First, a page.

Manitoba's Miriam Toews wins Writers' Trust fiction prize
Winnipeg writer Miriam Toews has won the Rogers Writers' Trust prize for fiction for her fifth novel, The Flying Troutmans.
Toews, whose A Complicated Kindness won the Governor General's Award in 2005, was named winner of the $25,000 prize Monday in Toronto.
More than $155,000 in prizes were given during the ceremony, including wins for:
- Best non-fiction: Taras Grescoe of Montreal for Bottomfeeder: How to Eat Ethically in a World of Vanishing Seafood.
- Journey Prize for short stories: Saleema Nawaz of Montreal for My Three Girls, published in Prairie Fire.
Toews's The Flying Troutmans is the story of a road trip by a dysfunctional Manitoba family. The main character Hattie sets out with her teenaged nephew and niece after their mother, Hattie's sister, is confined to a psychiatric ward.
"Toews's book is a love song to young people trying to navigate the volcanic world of adult emotions," the Writers' Trust jury said.
It won out over Montreal writer Rawi Hage's Cockroach, which was nominated for a trio of Canada's top literary awards — the Giller, the Governor General's Award and the Writers' Trust — and now has lost out on two of them.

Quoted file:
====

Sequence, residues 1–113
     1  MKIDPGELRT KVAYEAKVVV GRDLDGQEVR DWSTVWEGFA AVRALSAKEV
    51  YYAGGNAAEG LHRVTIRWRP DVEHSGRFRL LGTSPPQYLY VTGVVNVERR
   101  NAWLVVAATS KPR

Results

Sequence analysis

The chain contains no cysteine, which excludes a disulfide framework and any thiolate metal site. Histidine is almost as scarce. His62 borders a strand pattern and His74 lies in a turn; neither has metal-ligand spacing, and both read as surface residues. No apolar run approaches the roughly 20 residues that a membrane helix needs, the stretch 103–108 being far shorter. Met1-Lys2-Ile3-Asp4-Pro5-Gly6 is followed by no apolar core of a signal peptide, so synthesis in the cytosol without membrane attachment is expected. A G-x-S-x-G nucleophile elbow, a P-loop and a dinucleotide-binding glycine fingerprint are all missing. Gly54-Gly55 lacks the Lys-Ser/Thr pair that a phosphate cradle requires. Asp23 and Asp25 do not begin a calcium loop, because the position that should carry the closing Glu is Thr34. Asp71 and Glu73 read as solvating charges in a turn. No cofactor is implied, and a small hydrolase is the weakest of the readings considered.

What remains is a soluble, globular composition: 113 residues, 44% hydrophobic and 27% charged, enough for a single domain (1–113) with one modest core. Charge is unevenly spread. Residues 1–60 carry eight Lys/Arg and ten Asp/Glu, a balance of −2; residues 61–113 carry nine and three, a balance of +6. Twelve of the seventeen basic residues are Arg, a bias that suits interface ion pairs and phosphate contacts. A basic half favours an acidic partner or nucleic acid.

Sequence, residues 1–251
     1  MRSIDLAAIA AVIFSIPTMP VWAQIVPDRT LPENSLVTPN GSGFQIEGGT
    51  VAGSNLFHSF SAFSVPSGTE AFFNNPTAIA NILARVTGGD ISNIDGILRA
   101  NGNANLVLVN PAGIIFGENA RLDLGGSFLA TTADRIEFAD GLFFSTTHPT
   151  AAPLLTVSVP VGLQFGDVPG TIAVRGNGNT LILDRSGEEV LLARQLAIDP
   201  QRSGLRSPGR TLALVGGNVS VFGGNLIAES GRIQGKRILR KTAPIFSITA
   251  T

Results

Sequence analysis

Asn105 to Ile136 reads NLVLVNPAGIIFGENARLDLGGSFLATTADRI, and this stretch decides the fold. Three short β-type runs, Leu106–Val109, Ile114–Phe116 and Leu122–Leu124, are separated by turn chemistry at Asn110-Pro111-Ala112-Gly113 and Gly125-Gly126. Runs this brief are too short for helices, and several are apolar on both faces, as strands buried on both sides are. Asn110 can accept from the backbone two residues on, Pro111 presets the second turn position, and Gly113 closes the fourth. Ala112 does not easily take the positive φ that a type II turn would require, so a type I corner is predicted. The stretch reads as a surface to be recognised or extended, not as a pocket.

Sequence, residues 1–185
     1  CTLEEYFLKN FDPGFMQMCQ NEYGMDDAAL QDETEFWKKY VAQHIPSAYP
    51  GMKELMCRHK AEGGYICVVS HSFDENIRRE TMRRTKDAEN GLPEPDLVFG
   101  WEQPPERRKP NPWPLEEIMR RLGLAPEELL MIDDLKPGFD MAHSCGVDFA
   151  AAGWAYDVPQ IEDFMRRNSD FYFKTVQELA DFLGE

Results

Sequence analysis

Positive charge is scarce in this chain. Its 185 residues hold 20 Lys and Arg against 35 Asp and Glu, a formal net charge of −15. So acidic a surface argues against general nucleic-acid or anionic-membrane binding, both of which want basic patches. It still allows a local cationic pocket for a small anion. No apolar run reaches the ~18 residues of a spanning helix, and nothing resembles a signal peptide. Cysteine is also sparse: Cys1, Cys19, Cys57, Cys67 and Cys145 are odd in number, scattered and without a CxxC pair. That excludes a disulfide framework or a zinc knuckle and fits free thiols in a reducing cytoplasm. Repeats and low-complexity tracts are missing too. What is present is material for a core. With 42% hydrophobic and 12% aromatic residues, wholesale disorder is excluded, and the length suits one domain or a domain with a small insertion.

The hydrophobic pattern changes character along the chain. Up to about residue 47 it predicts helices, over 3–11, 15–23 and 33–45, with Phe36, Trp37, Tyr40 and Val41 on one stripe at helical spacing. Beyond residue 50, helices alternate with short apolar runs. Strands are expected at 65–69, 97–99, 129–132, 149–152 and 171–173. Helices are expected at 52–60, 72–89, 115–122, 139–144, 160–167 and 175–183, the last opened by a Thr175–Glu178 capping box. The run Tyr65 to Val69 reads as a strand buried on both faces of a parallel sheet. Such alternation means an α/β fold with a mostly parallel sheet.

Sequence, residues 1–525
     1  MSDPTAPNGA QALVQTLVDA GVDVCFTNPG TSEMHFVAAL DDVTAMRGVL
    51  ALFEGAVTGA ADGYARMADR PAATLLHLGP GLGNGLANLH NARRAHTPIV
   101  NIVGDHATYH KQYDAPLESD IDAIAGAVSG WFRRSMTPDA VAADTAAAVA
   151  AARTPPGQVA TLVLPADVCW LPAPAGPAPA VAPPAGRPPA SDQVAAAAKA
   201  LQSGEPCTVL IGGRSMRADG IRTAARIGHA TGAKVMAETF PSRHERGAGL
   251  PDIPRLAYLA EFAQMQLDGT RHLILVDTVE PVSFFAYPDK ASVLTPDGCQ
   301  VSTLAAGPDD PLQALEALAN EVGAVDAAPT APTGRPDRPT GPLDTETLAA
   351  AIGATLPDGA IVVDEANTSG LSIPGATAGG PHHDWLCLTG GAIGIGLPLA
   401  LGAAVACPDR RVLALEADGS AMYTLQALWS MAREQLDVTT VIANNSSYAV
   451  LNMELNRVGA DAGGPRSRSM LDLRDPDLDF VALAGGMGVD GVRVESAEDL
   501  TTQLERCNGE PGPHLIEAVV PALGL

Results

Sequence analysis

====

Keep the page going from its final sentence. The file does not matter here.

Also in the running were Rivka Galchen's Atmospheric Disturbances, Lee Henderson's The Man Game and Patrick Lane's Red Dog, Red Dog. Each of the finalists wins $3,500.
Grescoe's book, Bottomfeeder, traces the seafood on restaurant menus around the world and chronicles how fishing practices have resulted in an ecological disaster in the oceans.
"Bottomfeeder navigates the troubling waters that lie between our collective desire for cheap seafood and the damage that we have done to the oceans and their inhabitants in order to secure it," the jury said in its citation.
Grescoe, a Montreal-based magazine and book writer, is also author of The End of Elsewhere, a critique of mass tourism.
The Writers' Trust also gives monetary awards to three writers in recognition of their contribution to Canadian literature.
This year's winners were:
- The $25,000 Notable Authors Award for a writer in mid-career to Michael Winter, based in Toronto and St. John's, author of The Big Why and The Architects Are Here.
- The $20,000 Vicky Metcalf Award for children's literature to Michael Kusugak of Rankin Inlet, author of A Promise is a Promise and The Littlest Sled Dog.
- The $20,000 Matt Cohen Award in celebration of a writing life to Sylvia Fraser of Toronto, a novelist and travel writer whose books include The Rope in the Water: A Pilgrimage to India.